Home News Students to be elected to Board of Governors, Senate CSU council seats up for grabs in fine arts, engineering & computer science

Students to be elected to Board of Governors, Senate CSU council seats up for grabs in fine arts, engineering & computer science

by Archives September 25, 2002

Students voting in the CSU byelections from Oct. 1 to 3 will have a say on which students will represent them on Concordia’s highest governing and academic bodies: the Board of Governors (BoG) and the Senate.

While the CSU used to appoint student representatives to these bodies, now they will be democratically elected by their peers.

“The process of direct, general elections to BoG is a democratic and welcome change,” said Sobia Virk, a candidate for a seat on the Board of Governors.

Nominations, which require 25 signatures, closed on Sept. 17. The CSU holds byelections every October to fill council seats that have been vacated since the general elections were held earlier in the year. But this fall, they will have more to vote on.

Three students are running for two fine arts council seats, and one for a single seat in computer science and engineering.

Ten students are vying for two available positions on the Board of Governors and nine students for five positions (representing five faculties) on the Senate.

There are a total of four student positions available on the BoG, while ten undergraduate students sit on the Senate.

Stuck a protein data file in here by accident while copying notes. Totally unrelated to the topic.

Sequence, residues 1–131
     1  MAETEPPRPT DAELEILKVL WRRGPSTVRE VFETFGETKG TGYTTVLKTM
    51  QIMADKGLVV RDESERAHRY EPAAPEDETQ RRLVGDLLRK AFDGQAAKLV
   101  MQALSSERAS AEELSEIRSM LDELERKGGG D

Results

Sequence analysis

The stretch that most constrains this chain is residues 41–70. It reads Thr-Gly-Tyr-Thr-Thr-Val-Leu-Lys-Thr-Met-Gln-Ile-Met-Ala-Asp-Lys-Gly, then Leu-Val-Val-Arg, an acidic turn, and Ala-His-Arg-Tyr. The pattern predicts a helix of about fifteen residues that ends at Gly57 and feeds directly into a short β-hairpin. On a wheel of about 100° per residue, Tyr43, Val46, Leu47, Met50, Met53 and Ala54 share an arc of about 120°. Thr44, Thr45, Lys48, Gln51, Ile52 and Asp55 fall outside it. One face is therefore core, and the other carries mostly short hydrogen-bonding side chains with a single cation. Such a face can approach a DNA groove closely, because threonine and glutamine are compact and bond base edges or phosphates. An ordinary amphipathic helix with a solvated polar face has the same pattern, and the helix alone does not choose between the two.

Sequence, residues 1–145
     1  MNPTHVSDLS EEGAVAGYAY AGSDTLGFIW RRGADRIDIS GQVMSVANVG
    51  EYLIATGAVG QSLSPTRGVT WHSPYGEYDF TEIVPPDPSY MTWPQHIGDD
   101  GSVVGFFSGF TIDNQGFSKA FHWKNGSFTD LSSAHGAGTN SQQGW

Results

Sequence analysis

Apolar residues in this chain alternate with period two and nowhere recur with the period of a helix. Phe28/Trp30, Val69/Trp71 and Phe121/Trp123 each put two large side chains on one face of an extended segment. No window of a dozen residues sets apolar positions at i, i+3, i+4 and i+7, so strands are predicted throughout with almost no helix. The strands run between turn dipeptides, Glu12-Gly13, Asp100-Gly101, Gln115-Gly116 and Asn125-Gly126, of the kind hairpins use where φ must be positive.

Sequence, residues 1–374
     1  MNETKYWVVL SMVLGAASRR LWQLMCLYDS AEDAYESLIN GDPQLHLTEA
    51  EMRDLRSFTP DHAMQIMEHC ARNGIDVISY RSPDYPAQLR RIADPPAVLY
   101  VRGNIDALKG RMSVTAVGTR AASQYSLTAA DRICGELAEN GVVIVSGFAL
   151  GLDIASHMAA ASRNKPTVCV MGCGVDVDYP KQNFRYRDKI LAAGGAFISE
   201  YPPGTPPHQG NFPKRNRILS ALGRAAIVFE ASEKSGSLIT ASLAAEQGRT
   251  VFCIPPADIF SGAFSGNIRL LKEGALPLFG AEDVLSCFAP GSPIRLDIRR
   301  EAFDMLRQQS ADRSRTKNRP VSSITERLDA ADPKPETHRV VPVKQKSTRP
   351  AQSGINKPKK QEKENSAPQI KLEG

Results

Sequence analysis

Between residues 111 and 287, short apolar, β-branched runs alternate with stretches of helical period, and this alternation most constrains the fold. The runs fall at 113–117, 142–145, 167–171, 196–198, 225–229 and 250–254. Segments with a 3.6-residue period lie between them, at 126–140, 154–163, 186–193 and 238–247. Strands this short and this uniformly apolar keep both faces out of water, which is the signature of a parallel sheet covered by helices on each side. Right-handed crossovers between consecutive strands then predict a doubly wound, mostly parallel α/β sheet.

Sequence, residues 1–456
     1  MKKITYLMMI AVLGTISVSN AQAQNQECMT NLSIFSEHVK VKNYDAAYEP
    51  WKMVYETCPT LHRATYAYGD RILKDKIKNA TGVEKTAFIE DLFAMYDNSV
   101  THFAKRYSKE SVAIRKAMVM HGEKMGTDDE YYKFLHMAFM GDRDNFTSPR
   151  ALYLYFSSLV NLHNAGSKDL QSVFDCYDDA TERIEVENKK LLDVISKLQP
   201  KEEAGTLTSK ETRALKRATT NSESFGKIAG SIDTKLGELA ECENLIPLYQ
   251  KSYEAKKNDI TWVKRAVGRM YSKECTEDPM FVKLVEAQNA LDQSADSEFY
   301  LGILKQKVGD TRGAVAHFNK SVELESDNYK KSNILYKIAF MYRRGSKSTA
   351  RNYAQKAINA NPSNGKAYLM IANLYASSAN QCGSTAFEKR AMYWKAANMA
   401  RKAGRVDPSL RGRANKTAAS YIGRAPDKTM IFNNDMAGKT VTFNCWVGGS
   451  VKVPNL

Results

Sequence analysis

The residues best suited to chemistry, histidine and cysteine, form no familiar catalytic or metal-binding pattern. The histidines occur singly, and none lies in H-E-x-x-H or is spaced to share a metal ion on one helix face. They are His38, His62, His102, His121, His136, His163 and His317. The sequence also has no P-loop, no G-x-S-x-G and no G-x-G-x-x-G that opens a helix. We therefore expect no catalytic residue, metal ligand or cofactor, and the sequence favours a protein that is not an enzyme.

Students may want to have their say as to who is elected, as the Senate can influence curriculum and academic regulations, while most of the university’s most important decisions are made by the BoG.

According to Virk, the composition of the BoG is “largely corporate and not necessarily in sync with student concerns.” Among the corporate muscle on the BoG are Eric Molson, the CEO of Molson Inc., and John Parisella, president of Quebec advertising firm BCP.

The byelections require 2.5 per cent of undergraduate student participation, or about 500 votes, to be recognized. According to Stephan Herman, the CSU’s Chief Electoral Officer, voter participation has increased in recent years but remains “woefully small.”

Virk said it is especially relevant for students to vote this year, given the “sweeping curtailment of information tables and Mezzanine exhibitions, which has adversely affected all student clubs and campus life.”

Students can vote on Tues., Oct. 1, Wednesday, Oct. 2, and Thursday, Oct. 3 from 10 a.m. until 8 p.m. at various locations on both campuses including the Hall Building and the Webster Library. Concordia student ID is required.

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